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Hmm.. this is REALLY interesting actually.

As an instinct reply, I have to say that since the chocolate is relatively VERY small (compared to the wave), I would guess that the change in speed is very miniscule too.

I laid out possible causes for the margin of error that I had in my experiment - for one, I can't be sure of where EXACTLY to place the chocolate so that the waves are 'hitting it' in their "x-axis" points of contact. That's important, and it probably sways the result much more than the change in speed.

But the idea that we usually ignore the differences is interesting. I will have to check, though, what the differences are to be sure if that's a major cause. The difference between 2.2*10^8 and 2.3*10^8 may sound small, but they're quite large when you think about it.. I *think* it's more logical that we have calculation/experimental errors than an actual change in the speed.

And as for 3.0*10^8 -- This, I would guess, is a historical/convinience reason. When you speak about the speed of light generally, it's much easier to say 300,000m/s than to start saying 299,792,458m/s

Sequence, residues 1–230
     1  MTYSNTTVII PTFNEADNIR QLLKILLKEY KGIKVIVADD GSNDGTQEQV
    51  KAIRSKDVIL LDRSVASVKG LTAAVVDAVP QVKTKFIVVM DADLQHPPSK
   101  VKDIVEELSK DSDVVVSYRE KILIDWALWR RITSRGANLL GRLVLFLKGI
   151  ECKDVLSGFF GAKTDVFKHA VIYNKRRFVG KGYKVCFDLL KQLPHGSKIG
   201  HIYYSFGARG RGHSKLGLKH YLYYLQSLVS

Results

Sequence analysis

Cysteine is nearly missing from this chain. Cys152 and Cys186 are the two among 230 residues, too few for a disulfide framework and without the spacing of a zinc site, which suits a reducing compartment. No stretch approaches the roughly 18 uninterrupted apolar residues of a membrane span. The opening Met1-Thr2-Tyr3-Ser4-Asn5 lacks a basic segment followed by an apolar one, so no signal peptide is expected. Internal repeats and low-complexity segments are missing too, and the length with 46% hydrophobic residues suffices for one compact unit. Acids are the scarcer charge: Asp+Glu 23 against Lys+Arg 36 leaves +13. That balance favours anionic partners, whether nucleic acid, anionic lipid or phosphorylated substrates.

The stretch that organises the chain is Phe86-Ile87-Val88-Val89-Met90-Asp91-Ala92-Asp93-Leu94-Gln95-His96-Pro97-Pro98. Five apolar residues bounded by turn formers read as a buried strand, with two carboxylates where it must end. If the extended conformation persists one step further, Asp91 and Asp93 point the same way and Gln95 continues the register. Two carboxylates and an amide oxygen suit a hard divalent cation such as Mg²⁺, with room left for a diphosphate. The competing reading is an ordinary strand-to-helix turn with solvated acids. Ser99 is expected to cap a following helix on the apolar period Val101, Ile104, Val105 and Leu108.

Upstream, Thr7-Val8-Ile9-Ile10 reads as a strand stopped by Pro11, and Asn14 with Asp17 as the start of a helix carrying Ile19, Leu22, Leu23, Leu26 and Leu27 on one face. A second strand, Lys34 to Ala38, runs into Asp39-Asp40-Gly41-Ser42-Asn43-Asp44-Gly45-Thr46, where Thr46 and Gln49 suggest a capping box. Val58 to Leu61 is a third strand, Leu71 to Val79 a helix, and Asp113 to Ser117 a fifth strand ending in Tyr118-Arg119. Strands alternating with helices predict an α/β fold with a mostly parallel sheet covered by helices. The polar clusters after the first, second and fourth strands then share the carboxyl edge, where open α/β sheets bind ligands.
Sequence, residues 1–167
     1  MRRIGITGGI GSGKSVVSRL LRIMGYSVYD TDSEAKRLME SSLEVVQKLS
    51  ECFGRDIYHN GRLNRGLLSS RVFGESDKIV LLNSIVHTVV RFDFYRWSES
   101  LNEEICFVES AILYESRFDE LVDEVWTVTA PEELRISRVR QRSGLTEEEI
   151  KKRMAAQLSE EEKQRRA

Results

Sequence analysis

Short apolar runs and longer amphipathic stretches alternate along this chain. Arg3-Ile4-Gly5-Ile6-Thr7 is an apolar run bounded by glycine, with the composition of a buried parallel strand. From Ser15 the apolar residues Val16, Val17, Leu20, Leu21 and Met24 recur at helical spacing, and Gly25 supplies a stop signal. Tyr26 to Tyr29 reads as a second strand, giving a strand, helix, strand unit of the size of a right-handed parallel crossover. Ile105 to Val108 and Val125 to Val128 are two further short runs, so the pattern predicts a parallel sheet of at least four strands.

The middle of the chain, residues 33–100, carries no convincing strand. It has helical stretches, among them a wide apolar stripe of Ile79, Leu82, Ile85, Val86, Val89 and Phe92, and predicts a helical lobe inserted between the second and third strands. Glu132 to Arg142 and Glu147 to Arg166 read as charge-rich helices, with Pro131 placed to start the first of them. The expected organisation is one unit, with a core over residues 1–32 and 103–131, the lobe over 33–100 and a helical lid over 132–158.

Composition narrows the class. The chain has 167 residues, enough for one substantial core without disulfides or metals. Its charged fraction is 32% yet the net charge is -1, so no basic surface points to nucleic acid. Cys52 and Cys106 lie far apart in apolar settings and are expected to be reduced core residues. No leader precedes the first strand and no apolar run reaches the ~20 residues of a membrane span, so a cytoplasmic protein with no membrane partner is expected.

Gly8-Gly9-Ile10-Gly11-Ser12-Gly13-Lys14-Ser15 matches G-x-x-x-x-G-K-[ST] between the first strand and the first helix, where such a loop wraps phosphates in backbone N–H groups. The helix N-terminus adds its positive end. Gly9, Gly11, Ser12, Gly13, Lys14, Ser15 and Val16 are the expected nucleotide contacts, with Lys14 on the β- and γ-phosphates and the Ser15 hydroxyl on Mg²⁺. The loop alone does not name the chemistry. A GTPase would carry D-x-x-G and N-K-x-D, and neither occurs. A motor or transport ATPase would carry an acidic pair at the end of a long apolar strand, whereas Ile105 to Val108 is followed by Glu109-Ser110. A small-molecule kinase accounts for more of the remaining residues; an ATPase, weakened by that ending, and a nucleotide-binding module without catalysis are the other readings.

But.. again.. good point. I think it's a good place for our Physics experts to come into the picture... Klaynos? Martin? Anyone?

Maybe they can shed some light on the matter, in whatever speed...

~moo

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Although not the most accurate I found it vary intresting. Plus its probably the cheapest and easiest way to calculate the speed of light. Plus I would have to agree that the error was probably a error in calculations.